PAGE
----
Honestly, if all we had to write with were notepads and typewriters, I’d be the most frustrated writer alive. I love technology and all the things it helps me do! So here are the 10 tools I’d have great difficulty living without. 1. Multiple computer screens I’ve only had two screens for a couple of


Most of the time when new writers tell me they’ve written a book, what they actually mean is that they’ve completed a first draft of a book. And my advice is, “Don’t rush off to find a publisher for a first draft.” So, if you’re in that boat, what would I suggest you do? 1.


Yes, you are allowed to steal ideas. That’s because you can’t copyright an idea. And what I would do with an idea might be very different from what you would do with it. Now, there are some common sense boundaries. If I tell you I’m going to query a specific editor about an article on


Is your current work space in chaos? If so, take some quality time to just sit and think about what works best for you. I remember when our kids were small. We wanted them to set the table and empty the dishwasher when it was clean. But they weren’t tall enough to reach the cupboard


The moment you have several ideas down on pieces of paper, you need some files. Not a lot of them. You might start with only five or six. You can easily buy a small metal holder with half a dozen or so coloured folders in it. Mark the blue folder Nonfiction Ideas, the red one


Over the years, I can’t begin to estimate how much time I’ve wasted looking for things I’ve misplaced—slips of papers with ideas on them, contracts, books, emails… You name it, I’ve misplaced it. And I’ve spent hours and hours and hours searching for something, only to have it turn up shortly after I stopped looking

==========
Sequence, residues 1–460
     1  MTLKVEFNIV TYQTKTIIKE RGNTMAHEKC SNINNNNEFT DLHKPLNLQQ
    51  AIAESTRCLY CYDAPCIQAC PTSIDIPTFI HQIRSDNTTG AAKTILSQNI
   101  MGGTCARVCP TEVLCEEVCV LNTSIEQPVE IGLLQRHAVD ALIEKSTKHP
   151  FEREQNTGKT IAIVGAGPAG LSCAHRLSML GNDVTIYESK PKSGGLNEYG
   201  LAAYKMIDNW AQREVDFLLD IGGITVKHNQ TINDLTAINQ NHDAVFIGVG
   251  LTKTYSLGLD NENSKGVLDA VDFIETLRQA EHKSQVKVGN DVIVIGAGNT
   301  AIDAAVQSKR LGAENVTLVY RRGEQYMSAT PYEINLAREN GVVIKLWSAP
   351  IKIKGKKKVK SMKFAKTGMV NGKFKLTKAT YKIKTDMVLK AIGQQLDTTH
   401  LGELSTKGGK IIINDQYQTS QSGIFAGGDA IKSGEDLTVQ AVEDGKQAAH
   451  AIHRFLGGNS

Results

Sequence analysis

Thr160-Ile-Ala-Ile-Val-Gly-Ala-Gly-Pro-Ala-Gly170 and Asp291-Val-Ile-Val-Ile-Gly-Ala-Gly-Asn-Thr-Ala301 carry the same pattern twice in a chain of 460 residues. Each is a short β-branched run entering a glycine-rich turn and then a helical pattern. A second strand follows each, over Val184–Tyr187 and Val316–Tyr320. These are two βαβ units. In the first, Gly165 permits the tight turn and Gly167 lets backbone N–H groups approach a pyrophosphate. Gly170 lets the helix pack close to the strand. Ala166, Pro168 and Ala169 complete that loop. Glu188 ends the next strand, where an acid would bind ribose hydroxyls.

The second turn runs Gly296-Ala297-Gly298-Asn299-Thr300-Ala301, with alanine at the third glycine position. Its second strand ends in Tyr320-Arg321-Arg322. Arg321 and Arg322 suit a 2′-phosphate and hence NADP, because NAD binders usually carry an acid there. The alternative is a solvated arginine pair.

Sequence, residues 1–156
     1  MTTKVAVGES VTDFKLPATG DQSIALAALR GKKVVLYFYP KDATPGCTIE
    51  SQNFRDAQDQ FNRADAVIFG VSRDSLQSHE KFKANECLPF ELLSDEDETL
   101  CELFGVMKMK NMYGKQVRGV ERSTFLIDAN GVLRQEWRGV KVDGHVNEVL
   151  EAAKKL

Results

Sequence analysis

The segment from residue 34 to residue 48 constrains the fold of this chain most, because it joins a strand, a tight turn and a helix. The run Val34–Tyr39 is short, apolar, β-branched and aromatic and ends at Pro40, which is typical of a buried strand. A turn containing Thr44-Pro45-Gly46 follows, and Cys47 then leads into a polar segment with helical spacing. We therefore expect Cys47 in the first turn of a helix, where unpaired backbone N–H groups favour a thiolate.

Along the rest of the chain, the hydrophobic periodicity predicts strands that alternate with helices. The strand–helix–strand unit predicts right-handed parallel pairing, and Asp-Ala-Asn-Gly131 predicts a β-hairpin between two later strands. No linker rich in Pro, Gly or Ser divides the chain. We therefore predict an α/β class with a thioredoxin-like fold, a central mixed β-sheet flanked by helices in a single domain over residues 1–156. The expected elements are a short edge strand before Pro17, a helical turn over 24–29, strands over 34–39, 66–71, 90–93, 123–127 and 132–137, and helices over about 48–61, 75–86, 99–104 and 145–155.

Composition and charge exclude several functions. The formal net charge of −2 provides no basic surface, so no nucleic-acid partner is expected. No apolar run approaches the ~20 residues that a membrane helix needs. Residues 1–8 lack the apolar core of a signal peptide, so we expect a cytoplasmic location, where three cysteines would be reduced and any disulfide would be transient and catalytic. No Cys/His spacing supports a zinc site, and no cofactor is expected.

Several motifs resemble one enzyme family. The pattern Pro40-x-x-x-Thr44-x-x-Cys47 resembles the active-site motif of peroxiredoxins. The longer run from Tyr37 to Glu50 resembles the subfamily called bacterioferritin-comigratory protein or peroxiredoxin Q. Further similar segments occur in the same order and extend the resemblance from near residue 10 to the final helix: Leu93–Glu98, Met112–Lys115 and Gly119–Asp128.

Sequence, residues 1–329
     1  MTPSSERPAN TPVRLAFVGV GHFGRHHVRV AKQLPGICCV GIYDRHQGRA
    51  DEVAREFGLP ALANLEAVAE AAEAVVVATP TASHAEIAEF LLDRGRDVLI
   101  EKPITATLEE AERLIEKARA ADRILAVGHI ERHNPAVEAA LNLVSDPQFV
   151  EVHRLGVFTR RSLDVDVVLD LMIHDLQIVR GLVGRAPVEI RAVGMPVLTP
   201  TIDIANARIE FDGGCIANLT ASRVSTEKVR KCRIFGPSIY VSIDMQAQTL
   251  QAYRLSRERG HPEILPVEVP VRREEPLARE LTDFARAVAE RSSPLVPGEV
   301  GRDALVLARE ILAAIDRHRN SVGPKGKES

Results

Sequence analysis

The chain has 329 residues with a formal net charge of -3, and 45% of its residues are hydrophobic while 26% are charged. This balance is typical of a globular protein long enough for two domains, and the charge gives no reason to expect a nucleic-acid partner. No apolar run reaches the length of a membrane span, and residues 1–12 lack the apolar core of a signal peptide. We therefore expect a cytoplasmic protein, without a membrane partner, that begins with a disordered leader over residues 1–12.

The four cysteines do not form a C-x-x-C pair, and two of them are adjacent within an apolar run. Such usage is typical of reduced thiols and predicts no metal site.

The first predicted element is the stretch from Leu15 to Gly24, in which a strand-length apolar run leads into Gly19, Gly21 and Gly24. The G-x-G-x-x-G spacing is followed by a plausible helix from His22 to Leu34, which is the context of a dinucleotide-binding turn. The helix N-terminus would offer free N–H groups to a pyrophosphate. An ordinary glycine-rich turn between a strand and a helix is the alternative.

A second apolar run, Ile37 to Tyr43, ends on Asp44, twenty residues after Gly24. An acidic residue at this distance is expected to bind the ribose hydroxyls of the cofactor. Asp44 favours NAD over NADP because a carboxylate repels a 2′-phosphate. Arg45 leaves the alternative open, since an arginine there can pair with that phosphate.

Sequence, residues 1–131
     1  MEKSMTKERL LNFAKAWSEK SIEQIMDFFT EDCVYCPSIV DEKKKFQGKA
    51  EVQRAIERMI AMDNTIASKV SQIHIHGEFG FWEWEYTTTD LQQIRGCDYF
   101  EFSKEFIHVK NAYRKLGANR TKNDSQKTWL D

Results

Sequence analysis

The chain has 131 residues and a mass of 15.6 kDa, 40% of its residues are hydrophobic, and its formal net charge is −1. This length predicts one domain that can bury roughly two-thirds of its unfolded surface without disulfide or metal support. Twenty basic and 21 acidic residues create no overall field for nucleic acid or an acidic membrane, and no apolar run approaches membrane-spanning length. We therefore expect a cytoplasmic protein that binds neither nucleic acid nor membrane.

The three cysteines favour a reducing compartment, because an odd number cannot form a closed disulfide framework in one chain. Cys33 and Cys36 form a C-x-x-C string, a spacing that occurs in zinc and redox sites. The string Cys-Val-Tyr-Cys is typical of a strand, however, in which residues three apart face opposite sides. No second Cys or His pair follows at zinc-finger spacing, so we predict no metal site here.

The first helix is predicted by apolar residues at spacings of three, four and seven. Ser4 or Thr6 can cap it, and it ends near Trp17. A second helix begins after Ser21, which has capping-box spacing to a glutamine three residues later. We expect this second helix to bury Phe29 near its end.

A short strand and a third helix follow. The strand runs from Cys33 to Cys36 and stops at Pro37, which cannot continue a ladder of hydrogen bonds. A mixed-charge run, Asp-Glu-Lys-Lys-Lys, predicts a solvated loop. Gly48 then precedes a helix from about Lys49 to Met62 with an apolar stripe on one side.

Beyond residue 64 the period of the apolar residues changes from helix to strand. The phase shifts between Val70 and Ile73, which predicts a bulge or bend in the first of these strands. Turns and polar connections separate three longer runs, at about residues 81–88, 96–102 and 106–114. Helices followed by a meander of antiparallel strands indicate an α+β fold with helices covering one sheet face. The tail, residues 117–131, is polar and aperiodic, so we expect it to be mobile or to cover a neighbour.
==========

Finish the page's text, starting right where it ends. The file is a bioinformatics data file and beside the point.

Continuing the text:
If you’ve been in one of my workshops where I talk about writing fiction, I usually hand out small cards with these words on them: character, setting, plot, theme. For me, they are the four corners of all good fiction. But when you begin a story, you usually have only of these things: a character


Is your goal for being on Twitter to convince me to buy your product? If you said yes, it’s okay. However, my question for you is this: “What if I’ve already done it?” I’ve either bought your product or checked it out and decided it really isn’t for me. Now what? If all you do,


Coming purely from the perspective of a “Follower” on Twitter, my last two posts have addressed some of the things that make me “unfollow” people. Here are some short random things I hate, most of which will make me eventually unfollow you. 1. Posting quotations from other people (usually famous) with no explanation as to


Yesterday I talked about how to improve your chances of selling me something on Twitter. Today it’s about using links. And why I don’t like being told what to do. Okay, I get it. You want me do something (read this, buy this, look at this, etc.). But all too often, you don’t tell me


I’ve been on Twitter pretty well since it began in 2006. And most of the time, I love Twitter. I use it to follow people or businesses or teams that I’m actually interested in. I find it cool that I can sometimes connect with someone who I’d never have a chance to connect with otherwise.